What are three things you admire about your characters?
Their humor, their passion, and their obsession with marinara.

What surprised you the most with Blessed? Did any of your characters change from what you originally wanted them to be?
What surprised me the most was how much fun it was to bring together the casts of Tantalize and Eternal. My favorite scenes include when Quincie meets chef Nora, then the guardian angel Zachary, and finally vampire queen Sabine.

In Blessed, Quincie moves in with Kieren’s family. His mother is a werewolf wedding planner, his father is a university professor of engineering, and his kid sister knows Quincie’s secret. It’s a huge change—a lot of attention—to juggle, especially after having spent years in the care of a lackadaisical uncle-guardian.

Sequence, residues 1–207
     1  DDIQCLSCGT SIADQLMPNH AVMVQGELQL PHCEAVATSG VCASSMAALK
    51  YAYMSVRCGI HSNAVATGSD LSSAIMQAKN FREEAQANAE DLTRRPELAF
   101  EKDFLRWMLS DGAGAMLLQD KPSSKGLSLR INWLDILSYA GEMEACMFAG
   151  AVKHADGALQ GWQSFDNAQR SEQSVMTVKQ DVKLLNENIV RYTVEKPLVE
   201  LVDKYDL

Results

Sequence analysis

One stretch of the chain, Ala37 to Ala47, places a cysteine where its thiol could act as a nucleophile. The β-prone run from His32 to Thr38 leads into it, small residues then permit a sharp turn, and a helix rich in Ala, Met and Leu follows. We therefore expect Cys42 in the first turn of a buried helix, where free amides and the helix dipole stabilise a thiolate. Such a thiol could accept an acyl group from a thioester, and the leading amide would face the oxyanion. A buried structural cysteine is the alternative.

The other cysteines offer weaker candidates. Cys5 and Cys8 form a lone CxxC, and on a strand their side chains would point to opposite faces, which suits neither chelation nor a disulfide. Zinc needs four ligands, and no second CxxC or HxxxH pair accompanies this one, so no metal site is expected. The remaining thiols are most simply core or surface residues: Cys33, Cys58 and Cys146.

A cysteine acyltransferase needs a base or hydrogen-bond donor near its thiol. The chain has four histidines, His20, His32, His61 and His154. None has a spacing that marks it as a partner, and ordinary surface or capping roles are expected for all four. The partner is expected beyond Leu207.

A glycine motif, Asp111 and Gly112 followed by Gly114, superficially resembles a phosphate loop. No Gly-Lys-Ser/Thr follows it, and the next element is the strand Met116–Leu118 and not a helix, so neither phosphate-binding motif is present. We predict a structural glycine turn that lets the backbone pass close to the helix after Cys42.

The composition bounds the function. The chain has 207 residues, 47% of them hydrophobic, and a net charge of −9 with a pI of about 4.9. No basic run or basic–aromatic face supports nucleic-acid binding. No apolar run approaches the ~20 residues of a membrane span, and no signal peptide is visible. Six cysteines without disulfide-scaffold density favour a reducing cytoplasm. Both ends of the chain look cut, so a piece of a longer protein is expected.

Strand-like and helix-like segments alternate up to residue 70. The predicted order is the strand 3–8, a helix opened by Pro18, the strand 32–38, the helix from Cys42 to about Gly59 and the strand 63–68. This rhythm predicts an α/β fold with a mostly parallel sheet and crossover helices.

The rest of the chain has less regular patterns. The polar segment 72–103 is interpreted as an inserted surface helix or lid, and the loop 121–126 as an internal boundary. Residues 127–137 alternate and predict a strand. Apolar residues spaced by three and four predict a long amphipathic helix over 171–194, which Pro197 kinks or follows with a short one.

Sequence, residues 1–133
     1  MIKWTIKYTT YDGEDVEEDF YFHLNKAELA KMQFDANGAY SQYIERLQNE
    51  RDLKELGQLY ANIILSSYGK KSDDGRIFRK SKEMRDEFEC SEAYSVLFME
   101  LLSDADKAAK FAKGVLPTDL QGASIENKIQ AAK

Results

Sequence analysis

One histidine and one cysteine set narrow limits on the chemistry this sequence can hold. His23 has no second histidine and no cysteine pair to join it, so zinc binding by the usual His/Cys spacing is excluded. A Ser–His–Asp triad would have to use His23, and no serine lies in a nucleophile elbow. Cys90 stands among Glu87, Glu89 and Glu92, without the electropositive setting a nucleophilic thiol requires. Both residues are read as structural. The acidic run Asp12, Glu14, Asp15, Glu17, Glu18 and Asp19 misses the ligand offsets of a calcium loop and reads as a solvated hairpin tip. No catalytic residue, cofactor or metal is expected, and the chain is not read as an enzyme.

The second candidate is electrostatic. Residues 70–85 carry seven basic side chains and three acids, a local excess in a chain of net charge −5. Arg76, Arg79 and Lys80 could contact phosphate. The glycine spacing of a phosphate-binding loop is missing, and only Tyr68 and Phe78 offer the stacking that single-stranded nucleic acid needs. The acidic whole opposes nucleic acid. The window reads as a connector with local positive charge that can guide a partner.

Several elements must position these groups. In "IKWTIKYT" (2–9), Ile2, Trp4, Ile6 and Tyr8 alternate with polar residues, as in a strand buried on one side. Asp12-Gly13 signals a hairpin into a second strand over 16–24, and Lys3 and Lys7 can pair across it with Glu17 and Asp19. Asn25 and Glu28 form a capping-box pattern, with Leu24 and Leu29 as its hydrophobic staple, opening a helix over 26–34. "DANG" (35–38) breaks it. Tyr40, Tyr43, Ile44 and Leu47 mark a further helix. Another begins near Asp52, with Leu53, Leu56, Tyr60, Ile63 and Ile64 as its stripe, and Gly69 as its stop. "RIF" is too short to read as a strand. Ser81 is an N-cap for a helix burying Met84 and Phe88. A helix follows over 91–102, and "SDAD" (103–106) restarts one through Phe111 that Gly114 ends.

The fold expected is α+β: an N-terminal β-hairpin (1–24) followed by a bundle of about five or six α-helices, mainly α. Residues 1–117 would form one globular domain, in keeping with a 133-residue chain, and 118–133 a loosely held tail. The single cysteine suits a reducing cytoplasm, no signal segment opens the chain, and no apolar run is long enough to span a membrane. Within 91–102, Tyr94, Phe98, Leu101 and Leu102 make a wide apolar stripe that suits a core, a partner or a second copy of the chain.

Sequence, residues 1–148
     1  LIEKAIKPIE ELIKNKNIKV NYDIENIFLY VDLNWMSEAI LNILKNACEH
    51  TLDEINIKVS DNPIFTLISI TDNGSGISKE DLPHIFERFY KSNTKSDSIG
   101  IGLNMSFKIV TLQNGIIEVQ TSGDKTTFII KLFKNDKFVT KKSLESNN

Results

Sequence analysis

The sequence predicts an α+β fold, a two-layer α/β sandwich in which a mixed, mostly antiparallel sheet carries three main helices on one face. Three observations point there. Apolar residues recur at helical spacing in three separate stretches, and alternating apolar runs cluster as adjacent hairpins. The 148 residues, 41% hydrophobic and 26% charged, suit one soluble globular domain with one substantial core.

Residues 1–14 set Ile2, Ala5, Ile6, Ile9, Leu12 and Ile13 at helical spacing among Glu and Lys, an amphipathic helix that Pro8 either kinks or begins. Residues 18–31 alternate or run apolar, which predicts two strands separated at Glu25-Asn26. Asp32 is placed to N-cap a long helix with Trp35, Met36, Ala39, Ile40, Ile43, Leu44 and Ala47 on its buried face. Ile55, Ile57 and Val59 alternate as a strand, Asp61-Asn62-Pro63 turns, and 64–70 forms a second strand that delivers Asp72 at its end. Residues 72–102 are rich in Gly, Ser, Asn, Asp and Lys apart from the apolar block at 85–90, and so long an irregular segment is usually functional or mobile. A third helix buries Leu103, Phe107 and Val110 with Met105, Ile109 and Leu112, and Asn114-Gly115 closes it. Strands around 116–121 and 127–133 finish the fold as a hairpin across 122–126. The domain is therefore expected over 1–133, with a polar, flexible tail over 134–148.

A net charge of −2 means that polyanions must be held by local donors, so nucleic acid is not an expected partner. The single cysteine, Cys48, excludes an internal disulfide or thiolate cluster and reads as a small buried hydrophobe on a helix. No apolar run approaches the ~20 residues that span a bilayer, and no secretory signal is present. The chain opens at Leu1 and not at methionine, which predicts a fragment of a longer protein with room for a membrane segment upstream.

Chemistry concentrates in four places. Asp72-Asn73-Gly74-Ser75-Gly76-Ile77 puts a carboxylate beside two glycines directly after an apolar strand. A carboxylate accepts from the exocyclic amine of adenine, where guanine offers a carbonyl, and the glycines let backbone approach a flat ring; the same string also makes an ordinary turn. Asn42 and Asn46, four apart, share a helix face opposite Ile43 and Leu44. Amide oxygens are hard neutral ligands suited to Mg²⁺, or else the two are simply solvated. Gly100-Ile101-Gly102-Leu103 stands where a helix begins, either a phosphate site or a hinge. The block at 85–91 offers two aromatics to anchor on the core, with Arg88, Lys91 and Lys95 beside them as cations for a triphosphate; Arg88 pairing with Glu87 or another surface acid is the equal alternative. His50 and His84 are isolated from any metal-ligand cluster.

I’d originally envisioned four-year-old Meghan is sort of the ideal baby sister—adorable, devoted, hero worshipping. But she’s still a baby werepredator, a hybrid Wolf, and that side comes out more in the new book. It also makes me love her more.

Which character has grown or changed the most for you since first writing Tantalize, through the end of Blessed? What do you most admire about them?
I’m tempted to say Quincie. But I’ll go with Clyde, the sarcastic but loyal wereopossum. I admire his sense of humor, his affection for his friends, and his courage—the last most of all, no matter how much he may protest to the contrary.

As a writer, what do you feel is one of the most important things you need (i.e., a great writing group, honest feedback, determination, etc.)?
Discipline. You have to show up to the page. It’s easy to get caught up in the (necessary) business of being an author and (in my case) teacher.

You need to be part of the writing community—to give and receive support and encouragement. But ultimately, hanging out with your author pals isn’t going to get the book finished. (Unless you tell them to bring along their laptops and get busy.)

I’m a writer when I show up to the page again and again and again. And write.

I take my cue from the werepredators and growl at the page until the words come.